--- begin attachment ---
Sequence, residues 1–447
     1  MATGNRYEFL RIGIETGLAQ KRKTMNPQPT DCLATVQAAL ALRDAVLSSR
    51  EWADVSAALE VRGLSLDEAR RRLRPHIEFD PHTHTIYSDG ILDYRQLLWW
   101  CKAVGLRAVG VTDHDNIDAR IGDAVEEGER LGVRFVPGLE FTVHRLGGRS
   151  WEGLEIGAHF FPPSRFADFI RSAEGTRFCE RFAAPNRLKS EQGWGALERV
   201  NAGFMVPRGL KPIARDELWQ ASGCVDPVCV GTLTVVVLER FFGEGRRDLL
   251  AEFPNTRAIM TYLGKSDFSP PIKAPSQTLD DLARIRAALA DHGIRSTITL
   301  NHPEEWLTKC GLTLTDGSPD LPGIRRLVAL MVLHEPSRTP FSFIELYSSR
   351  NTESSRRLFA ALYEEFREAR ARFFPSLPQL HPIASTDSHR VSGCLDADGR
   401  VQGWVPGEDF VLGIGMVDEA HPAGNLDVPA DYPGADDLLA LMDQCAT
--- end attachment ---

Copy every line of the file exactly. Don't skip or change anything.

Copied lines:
Sequence, residues 1–447
     1  MATGNRYEFL RIGIETGLAQ KRKTMNPQPT DCLATVQAAL ALRDAVLSSR
    51  EWADVSAALE VRGLSLDEAR RRLRPHIEFD PHTHTIYSDG ILDYRQLLWW
   101  CKAVGLRAVG VTDHDNIDAR IGDAVEEGER LGVRFVPGLE FTVHRLGGRS
   151  WEGLEIGAHF FPPSRFADFI RSAEGTRFCE RFAAPNRLKS EQGWGALERV
   201  NAGFMVPRGL KPIARDELWQ ASGCVDPVCV GTLTVVVLER FFGEGRRDLL
   251  AEFPNTRAIM TYLGKSDFSP PIKAPSQTLD DLARIRAALA DHGIRSTITL
   301  NHPEEWLTKC GLTLTDGSPD LPGIRRLVAL MVLHEPSRTP FSFIELYSSR
   351  NTESSRRLFA ALYEEFREAR ARFFPSLPQL HPIASTDSHR VSGCLDADGR
   401  VQGWVPGEDF VLGIGMVDEA HPAGNLDVPA DYPGADDLLA LMDQCAT